In the 1980s and 1990s, numerous fossils were found, particularly in
Pakistan, which allegedly demonstrated that whales evolved from land-dwelling,
carnivorous mammals called mesonychids. A slew of fossils seemed to indicate
an unmistakable progression from the land-dwelling Pakicetus ("Pakistan
whale") all the way up to modern whales in a traditionally Darwinian step-by-step
manner. It turns out, however, that paleontologists were seeing in these
fossils what they wanted to see, rather than what actually was there.
While these fossils were being unearthed, geneticists in the US, Belgium, and Japan analyzed the DNA of living whales and determined that the mesonychid-to-whale progression, supposedly so obvious in the fossils, was false. These tests suggested that whales did not descend from mesonychids at all, but are members of a mammal family called the artiodactyls, which include hippopotami. At first, whale paleontologists firmly dismissed the findings. However, more meticulous DNA testing led by Norihiro Okada at the Tokyo Institute of Technology strengthened the findings considerably, and paleontologists dropped their objections (Wong 2002: 78).
Later, excavations in Pakistan turned up foot bones of Pakicetus and another alleged ancestor of today's whales, Ichthyolestes, and the mesonychid theory was finally dropped, despite what had appeared to be overwhelming fossil evidence in its favor. The reason was that all members of the artiodactyl family have a unique feature in their anklebones known as a "double-pulleyed astragalus." The anklebones of both Pakicetus and Ichthyolestes were found to have this unique feature, identifying them as members of the artiodactyl family, not as mesonychids (Wong 2002: 78-79).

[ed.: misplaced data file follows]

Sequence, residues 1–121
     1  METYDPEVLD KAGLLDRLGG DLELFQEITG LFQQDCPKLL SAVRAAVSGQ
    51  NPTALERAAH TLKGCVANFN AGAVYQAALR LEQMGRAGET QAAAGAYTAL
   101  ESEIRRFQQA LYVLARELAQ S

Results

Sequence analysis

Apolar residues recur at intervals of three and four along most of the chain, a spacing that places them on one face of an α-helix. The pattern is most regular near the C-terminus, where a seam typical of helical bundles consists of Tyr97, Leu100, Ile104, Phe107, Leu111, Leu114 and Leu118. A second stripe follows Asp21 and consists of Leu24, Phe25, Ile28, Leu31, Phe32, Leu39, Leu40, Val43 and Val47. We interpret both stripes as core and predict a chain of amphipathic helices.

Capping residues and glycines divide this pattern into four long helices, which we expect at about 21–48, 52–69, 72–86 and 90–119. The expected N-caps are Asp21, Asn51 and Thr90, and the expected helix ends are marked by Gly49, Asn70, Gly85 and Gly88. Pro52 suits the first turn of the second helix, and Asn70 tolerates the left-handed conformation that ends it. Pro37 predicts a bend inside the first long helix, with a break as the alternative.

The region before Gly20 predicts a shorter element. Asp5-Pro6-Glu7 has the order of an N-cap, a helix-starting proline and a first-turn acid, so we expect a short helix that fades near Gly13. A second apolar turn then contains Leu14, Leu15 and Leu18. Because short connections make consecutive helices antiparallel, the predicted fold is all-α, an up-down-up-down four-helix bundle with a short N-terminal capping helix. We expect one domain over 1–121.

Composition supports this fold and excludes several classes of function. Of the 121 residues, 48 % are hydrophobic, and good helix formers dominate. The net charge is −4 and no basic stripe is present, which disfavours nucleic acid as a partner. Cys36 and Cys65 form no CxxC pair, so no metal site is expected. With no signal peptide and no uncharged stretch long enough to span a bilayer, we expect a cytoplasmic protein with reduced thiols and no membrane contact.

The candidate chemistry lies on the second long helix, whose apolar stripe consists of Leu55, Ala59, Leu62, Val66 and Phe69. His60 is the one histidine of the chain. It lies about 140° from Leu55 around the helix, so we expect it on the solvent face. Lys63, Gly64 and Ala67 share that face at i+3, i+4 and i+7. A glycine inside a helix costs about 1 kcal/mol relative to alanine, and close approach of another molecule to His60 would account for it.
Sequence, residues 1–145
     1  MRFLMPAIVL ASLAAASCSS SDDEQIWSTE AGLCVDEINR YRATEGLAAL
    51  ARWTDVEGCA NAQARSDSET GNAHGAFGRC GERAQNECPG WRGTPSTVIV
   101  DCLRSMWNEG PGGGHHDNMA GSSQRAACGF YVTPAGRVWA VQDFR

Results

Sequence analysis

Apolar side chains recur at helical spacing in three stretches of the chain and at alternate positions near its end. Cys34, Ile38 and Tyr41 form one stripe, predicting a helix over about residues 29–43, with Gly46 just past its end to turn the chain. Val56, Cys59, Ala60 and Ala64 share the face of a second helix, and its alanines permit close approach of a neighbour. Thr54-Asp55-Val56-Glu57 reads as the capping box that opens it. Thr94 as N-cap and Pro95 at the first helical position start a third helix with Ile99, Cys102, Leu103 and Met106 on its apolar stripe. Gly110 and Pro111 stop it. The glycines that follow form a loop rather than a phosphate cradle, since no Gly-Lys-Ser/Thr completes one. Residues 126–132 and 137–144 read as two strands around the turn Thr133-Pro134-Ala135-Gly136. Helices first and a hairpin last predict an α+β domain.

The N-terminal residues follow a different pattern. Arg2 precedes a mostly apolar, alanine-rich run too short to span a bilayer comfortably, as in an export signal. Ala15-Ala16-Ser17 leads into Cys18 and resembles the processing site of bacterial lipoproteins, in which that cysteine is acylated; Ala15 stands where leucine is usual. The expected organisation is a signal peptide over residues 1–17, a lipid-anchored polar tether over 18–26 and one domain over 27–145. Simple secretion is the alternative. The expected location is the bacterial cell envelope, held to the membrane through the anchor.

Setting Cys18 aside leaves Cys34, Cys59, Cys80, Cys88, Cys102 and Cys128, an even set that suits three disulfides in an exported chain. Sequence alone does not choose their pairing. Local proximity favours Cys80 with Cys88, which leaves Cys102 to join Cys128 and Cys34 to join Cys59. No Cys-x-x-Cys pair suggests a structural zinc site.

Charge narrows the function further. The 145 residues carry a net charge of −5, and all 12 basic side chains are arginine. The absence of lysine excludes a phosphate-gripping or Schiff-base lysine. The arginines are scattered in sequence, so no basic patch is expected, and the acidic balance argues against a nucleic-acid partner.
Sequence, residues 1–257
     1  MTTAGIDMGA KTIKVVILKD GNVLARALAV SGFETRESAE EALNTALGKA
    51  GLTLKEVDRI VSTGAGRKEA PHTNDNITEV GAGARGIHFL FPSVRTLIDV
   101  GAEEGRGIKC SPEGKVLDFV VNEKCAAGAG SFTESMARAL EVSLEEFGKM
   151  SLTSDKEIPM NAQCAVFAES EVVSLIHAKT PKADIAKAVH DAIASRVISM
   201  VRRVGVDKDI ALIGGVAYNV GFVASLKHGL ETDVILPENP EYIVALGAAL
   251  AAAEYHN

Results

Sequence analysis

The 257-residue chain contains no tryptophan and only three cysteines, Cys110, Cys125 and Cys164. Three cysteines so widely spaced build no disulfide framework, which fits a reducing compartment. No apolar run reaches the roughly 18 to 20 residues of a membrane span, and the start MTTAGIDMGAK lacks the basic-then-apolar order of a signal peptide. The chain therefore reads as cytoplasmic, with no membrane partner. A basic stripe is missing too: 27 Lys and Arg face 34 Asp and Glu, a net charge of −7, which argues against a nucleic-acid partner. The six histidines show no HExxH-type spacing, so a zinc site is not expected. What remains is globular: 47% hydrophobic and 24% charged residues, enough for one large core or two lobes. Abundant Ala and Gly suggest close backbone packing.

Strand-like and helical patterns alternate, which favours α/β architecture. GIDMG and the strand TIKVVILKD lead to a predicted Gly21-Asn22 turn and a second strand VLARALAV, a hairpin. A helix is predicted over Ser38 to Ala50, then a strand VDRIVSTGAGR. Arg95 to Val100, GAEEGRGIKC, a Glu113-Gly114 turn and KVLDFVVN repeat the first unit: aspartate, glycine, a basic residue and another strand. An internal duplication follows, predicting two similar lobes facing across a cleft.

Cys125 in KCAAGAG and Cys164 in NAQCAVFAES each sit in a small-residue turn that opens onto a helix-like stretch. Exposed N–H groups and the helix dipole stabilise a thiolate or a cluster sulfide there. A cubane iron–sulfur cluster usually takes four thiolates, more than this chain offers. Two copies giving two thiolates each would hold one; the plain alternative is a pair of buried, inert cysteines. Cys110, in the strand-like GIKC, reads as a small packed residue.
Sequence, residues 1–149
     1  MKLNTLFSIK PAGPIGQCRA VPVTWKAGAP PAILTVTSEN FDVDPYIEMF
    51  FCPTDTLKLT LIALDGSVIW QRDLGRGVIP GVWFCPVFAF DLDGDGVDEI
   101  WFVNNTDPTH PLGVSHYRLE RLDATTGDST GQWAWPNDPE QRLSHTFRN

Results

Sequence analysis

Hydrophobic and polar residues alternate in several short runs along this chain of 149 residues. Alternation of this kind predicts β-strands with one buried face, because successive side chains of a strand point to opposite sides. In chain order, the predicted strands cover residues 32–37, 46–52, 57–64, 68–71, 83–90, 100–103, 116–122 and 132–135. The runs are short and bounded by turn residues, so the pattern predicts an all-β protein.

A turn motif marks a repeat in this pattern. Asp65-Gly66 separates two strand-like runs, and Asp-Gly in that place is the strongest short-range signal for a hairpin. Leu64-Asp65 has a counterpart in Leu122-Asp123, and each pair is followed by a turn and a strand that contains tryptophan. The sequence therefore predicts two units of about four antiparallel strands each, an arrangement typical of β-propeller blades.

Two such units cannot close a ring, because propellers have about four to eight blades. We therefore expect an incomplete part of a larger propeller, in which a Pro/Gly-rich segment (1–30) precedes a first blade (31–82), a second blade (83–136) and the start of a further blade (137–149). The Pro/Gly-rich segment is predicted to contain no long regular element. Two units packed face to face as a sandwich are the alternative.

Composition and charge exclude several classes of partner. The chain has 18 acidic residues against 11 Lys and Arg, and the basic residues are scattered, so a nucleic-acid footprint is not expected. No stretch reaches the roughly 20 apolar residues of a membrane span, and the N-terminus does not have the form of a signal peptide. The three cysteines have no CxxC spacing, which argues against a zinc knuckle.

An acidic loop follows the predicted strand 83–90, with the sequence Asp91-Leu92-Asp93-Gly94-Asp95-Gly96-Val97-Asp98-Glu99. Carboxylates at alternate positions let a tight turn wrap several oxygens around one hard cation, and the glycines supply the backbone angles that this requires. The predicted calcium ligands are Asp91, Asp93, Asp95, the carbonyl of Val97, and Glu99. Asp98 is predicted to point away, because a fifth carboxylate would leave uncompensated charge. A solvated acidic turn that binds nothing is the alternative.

Scientific American reported that the mesonychid theory soon went the way of countless other evolutionary theories that were once touted as practically undeniable:
"What of the evidence that seemed to tie early whales to mesonychids?
In light of the new ankle data, most workers now suspect that those similarities
[between mesonychids and whales] probably reflect convergent evolution
rather than shared ancestry and that mesonychids represent an evolutionary
dead end" (Wong 2002: 79).
Two points must be raised here. First, the similarities between mesonychids and early whales do not automatically have to be interpreted as "convergent evolution," but could just as well be credited to Intelligent Design. Second, evolutionists are now falling into the same trap that they fell into with their mesonychid theory: just because two extinct creatures, Pakicetus and Ichthyolestes, were highly similar to whales, it does not necessarily mean that they are the evolutionary ancestors of whales, but merely that they are related to them.
Although scholars of whale origins still cling to the theory of macroevolution (major changes leading to brand-new species), the failure of the mesonychid theory displays the extreme danger of using fossils to determine evolutionary ancestry. For 20 years, the findings in Pakistan and other places were touted as solid evidence for the evolution of whales from mesonychids, but later finds proved them wrong. This accentuates the essentially unreliable nature of trying to use the fossil record as proof of macroevolution, and it also demonstrates how paleontologists convince themselves to see what they want to see in the fossil record, rather than what is actually there.
Wong, K. 2002. “The Mammals that Conquered the Seas.” Scientific American 286, no. 5.
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